If the artist is specially empowered, by virtue of the symbolic resources of aesthetic form, to comprehend the paradoxical tensions of belief, he is similarly empowered to comprehend the paradox of immanence, i.e., the reality of God’s presence in creation and the need to attest his present through its manifestations in the finite, the conditional and the temporal. [18]

Kavanagh: ‘The question of technique is not simply a matter of grammar and syntax or anything as easy as that. It has to do with the mystical. Real technique is a spiritual quality, a condition of mind, or an ability to invoke a particular condition of mind.’ (November Haggard, 1971, p.37.)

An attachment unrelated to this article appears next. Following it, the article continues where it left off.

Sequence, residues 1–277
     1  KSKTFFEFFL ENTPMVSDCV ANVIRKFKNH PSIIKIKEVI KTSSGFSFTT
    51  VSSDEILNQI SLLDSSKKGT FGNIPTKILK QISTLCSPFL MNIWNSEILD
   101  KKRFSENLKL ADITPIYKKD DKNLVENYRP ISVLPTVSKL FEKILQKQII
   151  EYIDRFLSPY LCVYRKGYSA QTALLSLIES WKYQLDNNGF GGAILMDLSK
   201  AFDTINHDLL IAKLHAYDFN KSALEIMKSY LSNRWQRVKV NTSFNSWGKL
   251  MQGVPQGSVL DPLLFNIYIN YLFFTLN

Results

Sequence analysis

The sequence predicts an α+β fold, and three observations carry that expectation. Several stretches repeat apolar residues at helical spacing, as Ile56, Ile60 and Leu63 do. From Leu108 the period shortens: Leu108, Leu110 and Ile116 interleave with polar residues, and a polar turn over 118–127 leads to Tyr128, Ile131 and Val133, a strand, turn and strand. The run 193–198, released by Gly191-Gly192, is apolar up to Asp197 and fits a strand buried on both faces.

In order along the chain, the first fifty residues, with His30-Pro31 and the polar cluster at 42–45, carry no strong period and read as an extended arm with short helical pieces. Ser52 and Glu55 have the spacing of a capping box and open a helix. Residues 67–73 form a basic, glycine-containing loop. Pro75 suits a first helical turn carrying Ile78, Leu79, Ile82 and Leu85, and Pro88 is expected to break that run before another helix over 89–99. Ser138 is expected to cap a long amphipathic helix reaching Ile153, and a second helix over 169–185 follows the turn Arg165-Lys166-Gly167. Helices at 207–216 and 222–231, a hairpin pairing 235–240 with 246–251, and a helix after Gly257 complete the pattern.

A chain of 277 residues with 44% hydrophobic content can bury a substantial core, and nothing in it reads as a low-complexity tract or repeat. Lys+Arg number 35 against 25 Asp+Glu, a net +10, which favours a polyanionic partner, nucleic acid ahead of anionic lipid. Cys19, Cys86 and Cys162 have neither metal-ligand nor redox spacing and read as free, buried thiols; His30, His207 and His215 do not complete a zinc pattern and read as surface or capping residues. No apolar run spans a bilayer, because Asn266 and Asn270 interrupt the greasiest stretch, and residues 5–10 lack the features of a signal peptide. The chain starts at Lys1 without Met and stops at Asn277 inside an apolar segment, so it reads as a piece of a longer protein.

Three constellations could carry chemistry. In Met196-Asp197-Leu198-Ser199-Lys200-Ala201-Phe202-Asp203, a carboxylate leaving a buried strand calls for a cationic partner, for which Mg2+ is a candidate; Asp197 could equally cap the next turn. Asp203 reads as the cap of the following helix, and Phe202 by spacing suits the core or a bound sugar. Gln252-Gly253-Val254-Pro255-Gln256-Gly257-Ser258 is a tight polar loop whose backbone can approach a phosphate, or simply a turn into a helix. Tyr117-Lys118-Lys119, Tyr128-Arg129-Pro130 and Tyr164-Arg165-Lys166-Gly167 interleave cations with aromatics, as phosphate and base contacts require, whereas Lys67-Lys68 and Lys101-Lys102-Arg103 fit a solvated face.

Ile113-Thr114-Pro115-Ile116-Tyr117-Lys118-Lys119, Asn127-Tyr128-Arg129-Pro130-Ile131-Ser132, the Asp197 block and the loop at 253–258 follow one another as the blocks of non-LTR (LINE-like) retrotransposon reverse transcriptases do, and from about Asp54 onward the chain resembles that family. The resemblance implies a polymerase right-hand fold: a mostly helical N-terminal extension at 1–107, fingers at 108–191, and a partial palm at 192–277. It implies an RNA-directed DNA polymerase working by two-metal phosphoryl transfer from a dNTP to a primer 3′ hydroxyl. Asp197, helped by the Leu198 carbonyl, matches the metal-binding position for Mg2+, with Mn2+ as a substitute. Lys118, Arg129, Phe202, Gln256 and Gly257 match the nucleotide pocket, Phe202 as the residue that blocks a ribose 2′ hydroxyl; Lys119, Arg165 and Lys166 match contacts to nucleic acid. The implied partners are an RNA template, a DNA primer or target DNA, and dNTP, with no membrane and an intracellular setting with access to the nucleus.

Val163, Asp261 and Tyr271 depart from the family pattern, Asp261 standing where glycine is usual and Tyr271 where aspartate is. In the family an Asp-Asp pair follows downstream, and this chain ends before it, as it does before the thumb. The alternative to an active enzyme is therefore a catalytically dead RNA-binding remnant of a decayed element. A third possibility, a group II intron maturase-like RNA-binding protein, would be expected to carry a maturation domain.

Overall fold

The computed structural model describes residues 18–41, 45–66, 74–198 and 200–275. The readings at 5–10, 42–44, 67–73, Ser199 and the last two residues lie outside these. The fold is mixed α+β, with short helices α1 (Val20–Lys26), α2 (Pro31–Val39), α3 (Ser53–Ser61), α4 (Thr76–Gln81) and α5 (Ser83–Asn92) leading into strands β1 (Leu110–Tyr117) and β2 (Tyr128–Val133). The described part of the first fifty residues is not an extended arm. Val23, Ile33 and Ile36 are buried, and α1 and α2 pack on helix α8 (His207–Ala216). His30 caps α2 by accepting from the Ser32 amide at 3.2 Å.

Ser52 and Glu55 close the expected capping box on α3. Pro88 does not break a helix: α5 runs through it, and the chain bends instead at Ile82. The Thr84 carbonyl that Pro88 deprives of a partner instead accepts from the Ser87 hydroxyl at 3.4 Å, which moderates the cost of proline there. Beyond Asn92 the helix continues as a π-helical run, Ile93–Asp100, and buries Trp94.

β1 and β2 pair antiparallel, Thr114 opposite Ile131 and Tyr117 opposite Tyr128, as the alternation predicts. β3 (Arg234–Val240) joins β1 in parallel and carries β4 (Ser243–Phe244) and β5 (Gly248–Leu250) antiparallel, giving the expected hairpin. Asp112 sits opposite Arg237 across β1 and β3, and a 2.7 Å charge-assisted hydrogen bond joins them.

In all formal patriotic activity there lies the seed of something that is not virtue. It took me many years to work myself free from that formula for literature which laid all the stress on whether it was Irish or not. For twenty years I wrote according to the dispensation of this Irish school. The appraisers of the school all agreed that I had my roots in the soil, was one of the people and that I was an authentic voice. What the alleged poetry lover loved was the Irishness of a thing. Irishness is a form of anti-art. A way of posing as a poet without actually being one.’ (Self Portrait, Collected Pruse, p.14) [26]

A peasant is all that mass of mankind which lives below a certain level of consciousness. They live in the dark cave of the unconscious and they scream when they see light.’ (Self Portrait, Ibid. p.19).